Omar Raymond Carrington, 86, a retired insurance broker and former art instructor, died Jan. 5 of renal failure and pneumonia at Suburban Hospital. He lived in Chevy Chase.

Mr. Carrington had careers in journalism, education, graphics and art instruction before becoming a broker for the Travelers Insurance Co. in 1954. He was also an award-winning artist whose works had been featured in exhibitions and are included in museum collections.

He retired about 25 years ago as an insurance broker with Henry A. Latimer and Sons in Bethesda.

Mr. Carrington was born in Philadelphia and raised in New York City and near Chestertown, Md. He received a bachelor's degree in journalism from the University of Maryland and did graduate work in art history at American University.

He was also a research fellow at the Louis Comfort Tiffany Foundation and completed art studies at the Corcoran School of Art and the Pennsylvania Academy of Fine Arts.

Mr. Carrington was an assistant professor of journalism at the University of Maryland from 1928 to 1942, and headed the university's department of publications from 1942 to 1944.

From 1944 to 1947 he was editor of a U.S. Department of Agriculture publication, Agriculture in the Americas. He was an instructor of painting and drawing at the Corcoran from 1946 to 1955 and also taught watercolor painting at Catholic University.

From 1951 to 1954 Mr. Carrington was project director for the graphics division of the State Department.

He won several first prizes from artists' organizations for his abstract expressionist paintings. His paintings are included in the permanent collections of the Dallas Museum of Fine Arts and the Mint Museum of Art in Charlotte, N.C., as well as in private collections.

Among the museums that held one-man shows of his paintings were the Mint Museum and the Baltimore Museum of Art.

His wife, Mildred Carrington, died in 1988. Survivors include two sons, R. Allen Carrington of Oakland and David K. Carrington of Columbia.


Civic Activist

Agnes C. Kendrick, 79, a civic activist and former newspaper columnist, died Jan. 4 at her home in Washington of head injuries suffered in an accidental fall.

Mrs. Kendrick was born in Washington. She graduated from Dunbar High School and Miner Teachers College. In the 1930s she was a teacher at Bowen Elementary School.

During World War II she was a clerk and secretary for the Navy Department.

In 1953 she started a weekly newspaper, Capital Spotlight, with her husband, R.E. "Ike" Kendrick. In the early years of the newspaper she had written a weekly column, "Off the Record." She had participated in the management of the newspaper until her death.

Mrs. Kendrick was a former public relations adviser to former D.C. Commissioner John Duncan, and in the 1960s a board member and treasurer of CHANGE, a community action agency funded by the antipoverty program. She was also active in the D.C. Civic Association.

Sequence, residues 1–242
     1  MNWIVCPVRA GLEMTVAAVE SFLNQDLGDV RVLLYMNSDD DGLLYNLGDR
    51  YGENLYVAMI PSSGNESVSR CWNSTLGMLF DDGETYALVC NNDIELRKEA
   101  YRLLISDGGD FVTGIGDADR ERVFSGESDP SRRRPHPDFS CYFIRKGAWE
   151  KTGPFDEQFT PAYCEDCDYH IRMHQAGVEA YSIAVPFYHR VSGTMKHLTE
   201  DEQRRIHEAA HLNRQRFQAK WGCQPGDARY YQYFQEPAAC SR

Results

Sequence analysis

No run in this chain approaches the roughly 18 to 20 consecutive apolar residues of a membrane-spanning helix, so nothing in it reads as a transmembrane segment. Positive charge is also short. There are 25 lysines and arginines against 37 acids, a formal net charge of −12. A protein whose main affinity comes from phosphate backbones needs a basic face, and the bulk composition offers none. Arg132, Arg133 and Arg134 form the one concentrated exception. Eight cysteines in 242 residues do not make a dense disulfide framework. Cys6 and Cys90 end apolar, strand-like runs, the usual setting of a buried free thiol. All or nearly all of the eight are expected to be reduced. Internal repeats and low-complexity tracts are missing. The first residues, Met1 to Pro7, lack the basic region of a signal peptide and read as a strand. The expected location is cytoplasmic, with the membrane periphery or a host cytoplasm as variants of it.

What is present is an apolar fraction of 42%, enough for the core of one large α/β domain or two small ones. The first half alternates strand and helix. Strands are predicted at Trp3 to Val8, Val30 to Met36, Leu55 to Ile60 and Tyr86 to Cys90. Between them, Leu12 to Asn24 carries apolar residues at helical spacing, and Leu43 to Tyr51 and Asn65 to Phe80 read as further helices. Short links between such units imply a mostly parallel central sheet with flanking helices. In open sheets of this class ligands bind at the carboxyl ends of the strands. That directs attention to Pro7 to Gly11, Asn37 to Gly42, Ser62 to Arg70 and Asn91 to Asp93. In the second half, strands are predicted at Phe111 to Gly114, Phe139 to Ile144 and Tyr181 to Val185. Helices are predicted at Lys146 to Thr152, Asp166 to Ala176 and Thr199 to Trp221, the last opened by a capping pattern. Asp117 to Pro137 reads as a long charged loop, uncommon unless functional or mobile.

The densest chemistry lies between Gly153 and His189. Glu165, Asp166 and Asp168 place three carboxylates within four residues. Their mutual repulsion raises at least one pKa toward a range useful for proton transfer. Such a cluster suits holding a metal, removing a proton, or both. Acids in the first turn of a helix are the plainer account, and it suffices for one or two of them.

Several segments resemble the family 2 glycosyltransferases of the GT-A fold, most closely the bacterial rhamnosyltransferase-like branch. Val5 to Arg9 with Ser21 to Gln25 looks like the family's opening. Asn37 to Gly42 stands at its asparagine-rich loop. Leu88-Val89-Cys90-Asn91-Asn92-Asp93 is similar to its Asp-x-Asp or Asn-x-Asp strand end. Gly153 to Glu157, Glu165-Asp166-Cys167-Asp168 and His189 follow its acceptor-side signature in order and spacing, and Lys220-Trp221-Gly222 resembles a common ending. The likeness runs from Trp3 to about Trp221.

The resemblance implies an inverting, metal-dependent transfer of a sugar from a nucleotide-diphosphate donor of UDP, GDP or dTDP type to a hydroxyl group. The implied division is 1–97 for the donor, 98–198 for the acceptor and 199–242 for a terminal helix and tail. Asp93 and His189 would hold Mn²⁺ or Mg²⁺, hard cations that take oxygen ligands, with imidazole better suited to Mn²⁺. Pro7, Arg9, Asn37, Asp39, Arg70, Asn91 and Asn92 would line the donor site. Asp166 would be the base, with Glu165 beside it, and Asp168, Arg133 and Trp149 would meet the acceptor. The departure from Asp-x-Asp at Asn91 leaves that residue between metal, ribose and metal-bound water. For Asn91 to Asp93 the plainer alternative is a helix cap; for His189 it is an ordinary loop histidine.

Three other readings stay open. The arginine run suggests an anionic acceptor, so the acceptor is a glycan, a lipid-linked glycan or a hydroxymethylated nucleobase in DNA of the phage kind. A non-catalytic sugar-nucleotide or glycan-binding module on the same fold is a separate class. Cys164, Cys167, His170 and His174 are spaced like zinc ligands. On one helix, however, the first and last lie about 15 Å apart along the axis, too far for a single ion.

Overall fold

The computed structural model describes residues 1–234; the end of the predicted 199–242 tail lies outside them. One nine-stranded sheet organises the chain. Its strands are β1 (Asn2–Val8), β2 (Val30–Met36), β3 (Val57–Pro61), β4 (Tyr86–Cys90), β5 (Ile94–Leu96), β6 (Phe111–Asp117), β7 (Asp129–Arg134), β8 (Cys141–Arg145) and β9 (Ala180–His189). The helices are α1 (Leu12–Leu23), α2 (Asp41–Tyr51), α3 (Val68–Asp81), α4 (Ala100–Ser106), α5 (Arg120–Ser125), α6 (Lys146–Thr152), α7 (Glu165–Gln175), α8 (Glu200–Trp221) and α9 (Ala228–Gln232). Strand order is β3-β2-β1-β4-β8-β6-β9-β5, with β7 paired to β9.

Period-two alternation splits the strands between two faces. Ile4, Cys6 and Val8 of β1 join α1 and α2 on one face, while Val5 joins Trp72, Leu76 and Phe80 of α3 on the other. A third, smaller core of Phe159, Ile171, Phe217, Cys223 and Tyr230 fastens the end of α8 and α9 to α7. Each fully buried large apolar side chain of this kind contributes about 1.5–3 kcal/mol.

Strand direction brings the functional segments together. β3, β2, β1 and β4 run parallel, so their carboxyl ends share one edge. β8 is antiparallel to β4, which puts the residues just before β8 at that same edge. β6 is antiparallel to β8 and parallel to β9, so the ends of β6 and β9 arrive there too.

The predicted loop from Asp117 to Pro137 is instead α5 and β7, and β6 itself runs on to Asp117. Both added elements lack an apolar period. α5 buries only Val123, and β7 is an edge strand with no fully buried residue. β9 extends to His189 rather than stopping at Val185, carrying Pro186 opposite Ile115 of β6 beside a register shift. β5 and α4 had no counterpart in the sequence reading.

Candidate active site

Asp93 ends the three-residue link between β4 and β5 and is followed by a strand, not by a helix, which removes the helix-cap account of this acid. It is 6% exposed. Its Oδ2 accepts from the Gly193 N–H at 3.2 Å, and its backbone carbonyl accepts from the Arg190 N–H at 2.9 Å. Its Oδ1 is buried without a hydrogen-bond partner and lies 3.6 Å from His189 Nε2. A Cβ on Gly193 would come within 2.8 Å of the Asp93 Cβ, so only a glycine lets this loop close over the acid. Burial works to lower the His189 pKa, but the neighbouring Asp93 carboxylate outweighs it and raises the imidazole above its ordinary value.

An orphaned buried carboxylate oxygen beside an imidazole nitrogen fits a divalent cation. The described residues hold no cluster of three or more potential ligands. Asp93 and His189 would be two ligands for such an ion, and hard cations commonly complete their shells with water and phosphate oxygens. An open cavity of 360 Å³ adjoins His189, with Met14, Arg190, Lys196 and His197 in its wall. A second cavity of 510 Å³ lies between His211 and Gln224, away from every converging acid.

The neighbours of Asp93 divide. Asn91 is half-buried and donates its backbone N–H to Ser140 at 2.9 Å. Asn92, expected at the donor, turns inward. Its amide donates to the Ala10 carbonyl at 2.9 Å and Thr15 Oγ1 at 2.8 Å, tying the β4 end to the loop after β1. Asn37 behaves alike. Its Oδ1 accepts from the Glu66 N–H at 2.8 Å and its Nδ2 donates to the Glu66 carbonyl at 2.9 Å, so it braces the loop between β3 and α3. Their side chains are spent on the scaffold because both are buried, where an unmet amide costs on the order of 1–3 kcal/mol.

Her marriage to Benjamin Coates ended in divorce.

In addition to her husband, of Washington, survivors include their two daughters, Carol Booker of Alexandria and Elizabeth Brooks of Suitland; three children of her first marriage, William Coates of Washington, James Coates of Joppa, Md., and Shirley Marr of Kettering, Md.; three stepchildren, Robert E. Kendrick II of Temple Hills; Dolores T. Kendrick of Washington and Juanita Williams of Savannah, Ga.; 15 grandchildren and 10 great-grandchildren.



Lillian G. Wheeler Fields, 73, an obstetrician and gynecologist who practiced in Washington from around 1950 until she retired in 1987, died of an aortic aneurysm Jan. 3 at a hospital in Rochester, N.Y.

Dr. Fields was born in New York City and grew up there and in Manassas and Washington. She graduated from Dunbar High School and Howard University and its medical school.

She was in private practice in Washington until 1969 when she joined the medical staff of the D.C. Department of Health and Human Services. There she practiced obstetrics and gynecology at neighborhood health clinics at Potomac Gardens and Arthur Kapper housing projects in Southeast Washington, and she also held a variety of administrative posts, including chief of the Potomac Gardens clinic and chief of obstetrics at Arthur Kapper.

She had served on the faculty at Howard University Medical Schol and on the medical staffs of Freedman's and Hadley Memorial hospitals.

She moved to Rochester in the summer of 1989.

Her husband, Robert L. Fields Jr., died in 1985.

Survivors include two daughters, Dr. Karen E. Fields of Rochester and Dr. Barbara J. Fields of New York City; and a granddaughter.


Fairfax Resident

Louise Adams Kelso, 78, the wife of a retired Washington journalist and Foreign Service officer, died of an internal hemorrhage Jan. 4 at Fairfax Hospital. She lived in Fairfax County.

Mrs. Kelso was born in Haverhill, Mass., but spent most of her childhood in Honolulu.

She returned to Massachusetts for high school.